Small Cities are Winning Large Grants for Street Safety – StreetsBlog USA
By Kea Wilson
For nearly seven years, a small Georgia community has been haunted by the unsolved killing of 4-year-old Lun Thang, who was struck by a hit-and-run driver while she walked to school with a relative. Now, it's one of a growing number of small cities and towns that are winning major federal dollars to save lives like hers — and sharing the recipe for how they beat out bigger and better-resourced cities for the funds.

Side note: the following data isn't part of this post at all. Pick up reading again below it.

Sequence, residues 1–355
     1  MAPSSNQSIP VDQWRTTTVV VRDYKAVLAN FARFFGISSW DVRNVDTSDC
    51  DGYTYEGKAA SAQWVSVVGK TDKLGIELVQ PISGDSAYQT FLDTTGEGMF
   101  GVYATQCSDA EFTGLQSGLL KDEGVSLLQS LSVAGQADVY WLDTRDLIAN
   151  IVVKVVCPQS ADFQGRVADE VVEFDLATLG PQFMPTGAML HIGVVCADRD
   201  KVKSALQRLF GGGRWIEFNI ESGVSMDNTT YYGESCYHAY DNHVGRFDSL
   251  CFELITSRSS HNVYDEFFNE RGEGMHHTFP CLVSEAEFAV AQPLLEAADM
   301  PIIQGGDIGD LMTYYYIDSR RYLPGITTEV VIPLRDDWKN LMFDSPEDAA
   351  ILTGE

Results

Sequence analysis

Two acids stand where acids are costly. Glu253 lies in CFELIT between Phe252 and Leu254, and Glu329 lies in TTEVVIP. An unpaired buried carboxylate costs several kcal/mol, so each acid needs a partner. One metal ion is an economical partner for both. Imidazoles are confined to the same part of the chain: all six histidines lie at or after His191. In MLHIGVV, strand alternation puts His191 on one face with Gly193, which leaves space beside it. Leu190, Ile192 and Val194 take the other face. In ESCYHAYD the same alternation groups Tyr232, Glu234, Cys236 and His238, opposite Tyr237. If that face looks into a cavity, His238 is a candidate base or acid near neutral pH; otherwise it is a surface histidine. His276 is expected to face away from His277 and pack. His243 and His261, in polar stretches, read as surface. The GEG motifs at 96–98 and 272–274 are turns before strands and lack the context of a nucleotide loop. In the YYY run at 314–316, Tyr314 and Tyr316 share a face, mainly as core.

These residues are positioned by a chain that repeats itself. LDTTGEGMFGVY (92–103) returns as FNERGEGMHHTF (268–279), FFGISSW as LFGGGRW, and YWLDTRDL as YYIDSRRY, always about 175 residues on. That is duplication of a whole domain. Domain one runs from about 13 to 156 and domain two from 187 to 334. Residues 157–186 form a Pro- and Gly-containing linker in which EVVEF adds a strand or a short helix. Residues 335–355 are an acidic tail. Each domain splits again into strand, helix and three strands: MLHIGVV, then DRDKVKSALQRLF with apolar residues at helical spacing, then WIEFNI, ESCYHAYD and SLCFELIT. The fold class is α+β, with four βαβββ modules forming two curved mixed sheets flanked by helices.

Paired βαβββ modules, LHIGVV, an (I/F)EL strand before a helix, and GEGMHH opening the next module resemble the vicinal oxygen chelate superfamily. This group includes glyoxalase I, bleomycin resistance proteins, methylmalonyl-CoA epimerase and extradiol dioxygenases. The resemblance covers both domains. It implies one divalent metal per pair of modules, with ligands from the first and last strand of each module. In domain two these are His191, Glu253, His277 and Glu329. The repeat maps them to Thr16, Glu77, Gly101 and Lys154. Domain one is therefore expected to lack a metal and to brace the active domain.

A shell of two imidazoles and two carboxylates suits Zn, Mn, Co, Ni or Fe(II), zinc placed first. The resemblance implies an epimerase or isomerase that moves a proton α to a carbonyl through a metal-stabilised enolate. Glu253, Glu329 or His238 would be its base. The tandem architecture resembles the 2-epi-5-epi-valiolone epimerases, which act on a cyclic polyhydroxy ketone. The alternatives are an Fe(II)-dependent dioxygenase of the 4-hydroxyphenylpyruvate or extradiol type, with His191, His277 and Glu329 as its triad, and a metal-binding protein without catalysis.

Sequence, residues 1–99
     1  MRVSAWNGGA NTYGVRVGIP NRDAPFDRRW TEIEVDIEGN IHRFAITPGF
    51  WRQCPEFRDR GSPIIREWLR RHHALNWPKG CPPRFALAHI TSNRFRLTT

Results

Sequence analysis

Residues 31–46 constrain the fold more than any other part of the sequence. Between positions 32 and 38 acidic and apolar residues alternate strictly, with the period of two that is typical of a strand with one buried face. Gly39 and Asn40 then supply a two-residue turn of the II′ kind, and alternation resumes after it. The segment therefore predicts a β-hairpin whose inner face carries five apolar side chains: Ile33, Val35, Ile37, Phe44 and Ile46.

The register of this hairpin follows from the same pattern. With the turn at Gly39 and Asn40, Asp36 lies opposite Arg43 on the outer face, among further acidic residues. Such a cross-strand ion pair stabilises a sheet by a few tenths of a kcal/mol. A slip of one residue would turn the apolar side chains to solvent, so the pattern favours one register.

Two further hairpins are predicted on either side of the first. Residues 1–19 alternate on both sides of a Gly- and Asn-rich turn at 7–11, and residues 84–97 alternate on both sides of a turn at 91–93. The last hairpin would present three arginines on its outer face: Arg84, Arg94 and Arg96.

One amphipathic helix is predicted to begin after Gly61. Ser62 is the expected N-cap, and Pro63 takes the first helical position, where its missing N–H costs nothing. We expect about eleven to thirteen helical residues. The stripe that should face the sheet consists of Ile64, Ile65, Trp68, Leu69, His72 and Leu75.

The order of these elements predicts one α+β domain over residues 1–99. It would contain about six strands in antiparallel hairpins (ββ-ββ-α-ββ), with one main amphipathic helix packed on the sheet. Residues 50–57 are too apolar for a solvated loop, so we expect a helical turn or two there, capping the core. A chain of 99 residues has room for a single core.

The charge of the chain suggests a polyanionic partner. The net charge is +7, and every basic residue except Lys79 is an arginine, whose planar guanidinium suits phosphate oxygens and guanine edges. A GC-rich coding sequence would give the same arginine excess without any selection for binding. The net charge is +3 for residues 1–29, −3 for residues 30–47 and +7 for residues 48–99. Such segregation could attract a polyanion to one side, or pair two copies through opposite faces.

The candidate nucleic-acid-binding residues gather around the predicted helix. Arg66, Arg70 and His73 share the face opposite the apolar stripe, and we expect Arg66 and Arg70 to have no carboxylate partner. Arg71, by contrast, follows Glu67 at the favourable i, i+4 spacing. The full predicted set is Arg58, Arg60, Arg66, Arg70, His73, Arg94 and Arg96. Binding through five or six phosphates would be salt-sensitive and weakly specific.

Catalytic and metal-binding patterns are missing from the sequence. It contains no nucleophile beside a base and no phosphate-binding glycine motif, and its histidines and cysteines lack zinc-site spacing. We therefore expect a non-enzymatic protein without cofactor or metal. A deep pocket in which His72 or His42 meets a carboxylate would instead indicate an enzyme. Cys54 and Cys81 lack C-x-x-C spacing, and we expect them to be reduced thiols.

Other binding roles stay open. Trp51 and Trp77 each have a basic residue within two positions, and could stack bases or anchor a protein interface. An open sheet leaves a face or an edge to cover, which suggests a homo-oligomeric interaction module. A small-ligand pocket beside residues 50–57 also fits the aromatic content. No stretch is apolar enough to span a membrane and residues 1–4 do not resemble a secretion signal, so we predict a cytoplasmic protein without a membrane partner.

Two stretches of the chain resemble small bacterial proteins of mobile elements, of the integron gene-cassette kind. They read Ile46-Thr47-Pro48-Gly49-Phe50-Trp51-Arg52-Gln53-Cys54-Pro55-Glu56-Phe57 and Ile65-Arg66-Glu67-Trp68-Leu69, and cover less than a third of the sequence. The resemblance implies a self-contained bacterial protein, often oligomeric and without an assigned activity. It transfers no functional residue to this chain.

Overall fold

In early December, Clarkston, Georgia became one of 385 U.S. communities to win a Safe Streets and Roads for All grant, earning $1 million to develop a comprehensive street safety plan. That's an unusually large victory for a city of just 14,500 people with median incomes one-third lower than the national average.And it could prove an unusually impactful one, considering that Clarkston has an annual traffic-fatality rate roughly double the national average — not to mention an unusually large refugee population, many of whom arrive to the United States without cars, jobs that pay well enough to buy them, or even the language skills necessary to read American street signs.